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It's not appealing, it's the default position to which we fall back when we realize that the idea of God snapping his fingers [or wiggling his nose, or shaking his tush, or whatever] created the world is silly
If this is your understanding of how God works then yes it is ridiculous. Fortunately I believe in a God who uses the laws of the universe, or the science, to accomplish what he needs to.
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It seems to me that one should not think first about what the consequences to one's sense of purpose may be, or whether the world would seem depressing without gods and devils. First one should just ask, regardless of one's hopes, whether there is any compelling factual reason to believe that God exists.

For example, suppose I wonder whether there is a pot of gold in my back yard. Should I say, to myself, "Well, it would be better if there was a pot of gold so......." or "If there is no gold then what of my plans to use it for retirement?".

How can one draw conclusions about the reality of the pot of gold from such considerations?

I will never understand why people think thoughts like "If the is no God then _____________" and then they fill in the blank with consequences to our morale, or feelings, or social consequences etc. Don't you just first want to know the facts and then make the best of it?

In other words, use evidence and reason; not wishful thinking.

So there is no appeal to atheism but that it may be true. Or, the appeal of it is beside the point!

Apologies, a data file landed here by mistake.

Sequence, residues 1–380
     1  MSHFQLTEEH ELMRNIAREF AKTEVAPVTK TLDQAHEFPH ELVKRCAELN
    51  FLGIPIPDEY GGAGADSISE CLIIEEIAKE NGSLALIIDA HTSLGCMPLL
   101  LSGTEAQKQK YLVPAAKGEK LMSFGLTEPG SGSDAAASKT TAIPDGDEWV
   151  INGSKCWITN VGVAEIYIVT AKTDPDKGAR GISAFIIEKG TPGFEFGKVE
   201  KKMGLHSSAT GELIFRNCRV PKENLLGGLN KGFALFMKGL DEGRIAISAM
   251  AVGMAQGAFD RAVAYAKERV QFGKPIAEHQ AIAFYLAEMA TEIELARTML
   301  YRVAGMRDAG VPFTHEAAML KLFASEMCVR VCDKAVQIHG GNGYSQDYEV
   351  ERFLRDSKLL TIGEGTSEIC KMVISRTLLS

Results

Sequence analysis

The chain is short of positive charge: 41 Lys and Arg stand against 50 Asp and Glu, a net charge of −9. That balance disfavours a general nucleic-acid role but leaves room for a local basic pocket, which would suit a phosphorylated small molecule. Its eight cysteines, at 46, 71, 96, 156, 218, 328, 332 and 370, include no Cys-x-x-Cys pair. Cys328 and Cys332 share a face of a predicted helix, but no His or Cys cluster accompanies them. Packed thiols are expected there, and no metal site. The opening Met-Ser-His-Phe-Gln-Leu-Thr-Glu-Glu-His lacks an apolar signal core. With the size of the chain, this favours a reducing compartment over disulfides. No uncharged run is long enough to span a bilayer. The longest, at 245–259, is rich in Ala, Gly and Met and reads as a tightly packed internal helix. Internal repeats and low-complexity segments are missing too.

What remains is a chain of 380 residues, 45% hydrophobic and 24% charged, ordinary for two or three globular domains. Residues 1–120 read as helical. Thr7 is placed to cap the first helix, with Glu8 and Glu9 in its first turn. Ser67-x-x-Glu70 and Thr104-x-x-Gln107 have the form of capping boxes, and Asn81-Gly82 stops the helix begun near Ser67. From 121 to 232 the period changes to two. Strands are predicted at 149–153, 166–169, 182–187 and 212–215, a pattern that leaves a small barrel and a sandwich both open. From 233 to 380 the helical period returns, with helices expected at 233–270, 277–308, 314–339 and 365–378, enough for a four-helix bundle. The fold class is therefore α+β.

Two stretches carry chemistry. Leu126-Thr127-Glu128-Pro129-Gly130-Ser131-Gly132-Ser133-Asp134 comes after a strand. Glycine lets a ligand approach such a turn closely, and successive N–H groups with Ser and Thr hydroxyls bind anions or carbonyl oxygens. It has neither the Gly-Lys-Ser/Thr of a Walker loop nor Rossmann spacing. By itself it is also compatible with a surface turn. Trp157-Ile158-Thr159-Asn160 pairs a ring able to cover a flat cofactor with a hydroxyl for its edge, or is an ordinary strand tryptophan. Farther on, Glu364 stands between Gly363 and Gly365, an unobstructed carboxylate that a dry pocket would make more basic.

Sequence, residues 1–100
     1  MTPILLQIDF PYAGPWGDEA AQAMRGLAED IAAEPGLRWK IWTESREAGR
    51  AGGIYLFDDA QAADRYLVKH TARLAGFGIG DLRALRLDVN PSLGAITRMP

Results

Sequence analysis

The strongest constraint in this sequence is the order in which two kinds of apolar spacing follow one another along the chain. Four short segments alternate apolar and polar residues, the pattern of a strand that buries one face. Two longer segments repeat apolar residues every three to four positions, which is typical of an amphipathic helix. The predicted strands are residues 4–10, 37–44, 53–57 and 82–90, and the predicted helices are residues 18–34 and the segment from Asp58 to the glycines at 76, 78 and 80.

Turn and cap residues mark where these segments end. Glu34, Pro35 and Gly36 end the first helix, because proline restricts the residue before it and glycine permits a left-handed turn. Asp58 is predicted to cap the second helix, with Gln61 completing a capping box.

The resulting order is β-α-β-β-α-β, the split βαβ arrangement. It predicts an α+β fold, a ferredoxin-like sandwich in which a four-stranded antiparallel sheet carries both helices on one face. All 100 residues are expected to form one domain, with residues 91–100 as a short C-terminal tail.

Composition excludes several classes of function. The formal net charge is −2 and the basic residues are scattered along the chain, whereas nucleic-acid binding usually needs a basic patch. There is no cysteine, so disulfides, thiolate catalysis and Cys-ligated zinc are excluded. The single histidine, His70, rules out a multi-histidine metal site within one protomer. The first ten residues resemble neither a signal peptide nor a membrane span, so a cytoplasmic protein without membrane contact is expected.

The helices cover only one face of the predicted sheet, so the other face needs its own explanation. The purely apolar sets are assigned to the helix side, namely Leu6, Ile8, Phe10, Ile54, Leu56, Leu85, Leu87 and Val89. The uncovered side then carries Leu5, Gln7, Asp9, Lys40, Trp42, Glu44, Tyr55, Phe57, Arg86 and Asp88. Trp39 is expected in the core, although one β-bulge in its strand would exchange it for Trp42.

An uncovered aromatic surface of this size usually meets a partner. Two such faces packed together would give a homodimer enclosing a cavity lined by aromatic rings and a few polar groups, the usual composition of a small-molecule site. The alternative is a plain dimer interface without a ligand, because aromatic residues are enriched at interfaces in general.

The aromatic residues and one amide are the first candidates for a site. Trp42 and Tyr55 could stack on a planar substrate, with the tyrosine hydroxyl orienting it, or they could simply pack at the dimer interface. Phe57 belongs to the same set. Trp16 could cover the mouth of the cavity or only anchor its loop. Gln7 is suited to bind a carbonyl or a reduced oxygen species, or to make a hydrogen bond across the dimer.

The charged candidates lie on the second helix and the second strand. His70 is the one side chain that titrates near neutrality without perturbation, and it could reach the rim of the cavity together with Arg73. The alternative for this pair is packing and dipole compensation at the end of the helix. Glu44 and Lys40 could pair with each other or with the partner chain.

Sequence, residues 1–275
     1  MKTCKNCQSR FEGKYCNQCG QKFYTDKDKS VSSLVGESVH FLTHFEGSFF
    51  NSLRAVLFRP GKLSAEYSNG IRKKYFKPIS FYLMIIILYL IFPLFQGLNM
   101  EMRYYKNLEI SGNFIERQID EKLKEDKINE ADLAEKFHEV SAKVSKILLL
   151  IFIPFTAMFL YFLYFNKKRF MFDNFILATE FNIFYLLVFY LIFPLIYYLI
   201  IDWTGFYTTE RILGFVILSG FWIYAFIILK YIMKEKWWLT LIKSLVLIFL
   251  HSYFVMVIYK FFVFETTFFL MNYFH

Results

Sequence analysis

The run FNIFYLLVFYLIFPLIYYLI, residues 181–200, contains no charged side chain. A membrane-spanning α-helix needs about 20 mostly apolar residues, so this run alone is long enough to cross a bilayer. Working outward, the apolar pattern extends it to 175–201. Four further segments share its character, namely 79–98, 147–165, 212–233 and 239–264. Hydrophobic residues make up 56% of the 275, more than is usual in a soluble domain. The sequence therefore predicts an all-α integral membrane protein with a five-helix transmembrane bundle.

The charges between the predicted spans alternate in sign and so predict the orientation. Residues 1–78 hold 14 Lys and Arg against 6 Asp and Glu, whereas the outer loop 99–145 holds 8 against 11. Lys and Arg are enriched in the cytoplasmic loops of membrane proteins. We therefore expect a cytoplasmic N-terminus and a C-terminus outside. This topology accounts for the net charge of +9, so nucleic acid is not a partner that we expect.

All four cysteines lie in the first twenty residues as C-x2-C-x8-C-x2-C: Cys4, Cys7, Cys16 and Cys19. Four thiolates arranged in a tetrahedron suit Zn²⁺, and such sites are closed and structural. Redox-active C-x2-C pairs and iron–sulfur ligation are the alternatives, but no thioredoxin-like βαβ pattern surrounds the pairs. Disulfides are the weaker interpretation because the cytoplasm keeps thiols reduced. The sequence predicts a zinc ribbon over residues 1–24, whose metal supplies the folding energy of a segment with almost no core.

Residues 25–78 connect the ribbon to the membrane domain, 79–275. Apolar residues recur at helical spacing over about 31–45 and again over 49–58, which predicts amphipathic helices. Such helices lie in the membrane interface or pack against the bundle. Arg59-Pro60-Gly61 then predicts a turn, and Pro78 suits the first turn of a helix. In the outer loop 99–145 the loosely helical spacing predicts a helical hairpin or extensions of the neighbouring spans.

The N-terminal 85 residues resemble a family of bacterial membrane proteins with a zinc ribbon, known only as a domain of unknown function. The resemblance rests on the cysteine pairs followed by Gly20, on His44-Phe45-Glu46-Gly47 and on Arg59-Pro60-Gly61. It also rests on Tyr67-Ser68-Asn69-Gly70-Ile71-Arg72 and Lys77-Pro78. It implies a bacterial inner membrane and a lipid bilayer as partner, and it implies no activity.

That's an excellent point. I often see Christians attempt to disprove (or maybe just deride) atheism by making claims that atheism produces undesirable social consequences. Atheists are more promiscuous, or less charitable, or die earlier, or are more susceptible to depression, or a number of other undesirable outcomes. Unfortunately, atheists can't seem to help themselves and end up taking the bait by trying to disprove these allegations. But in reality, it's a red herring. Even if atheism made people selfish, promiscuous, mean-spirited hedonists, it wouldn't mean atheism is an incorrect interpretation of reality. I wish more atheists would resist the impulse to justify their unbelief by making claims of improved moral senses, or greater personal freedom, an increased capacity for empathy, or any number of supposed benefits. None of that matter. When it comes to the philosophical validity of atheism, all that matters is whether or not there's a God.

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I wish more atheists would resist the impulse to justify their unbelief by making claims of improved moral senses, or greater personal freedom, an increased capacity for empathy, or any number of supposed benefits. None of that matter.

Is it fair to assume that the way you live your life is a testiment to your belief that "benefits don't matter"?

Thanks, -Wade Englund-

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It's not appealing, it's the default position to which we fall back when we realize that the idea of God snapping his fingers [or wiggling his nose, or shaking his tush, or whatever] created the world is silly, made more ludacris by the other Biblical fairy tales

Ludacris, huh? Funny Zack, I didn't know you waz GANGSTA!

:P;):crazy::fool:

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And how do the laws of nature or the sciences do that? Exalting man seems like a metaphysical practice considering you wish to become more like a supernatural being.
There are higher laws than what we can discern in this mortal existence. In the end even metaphysics has basis in law, though beyond our comprehension.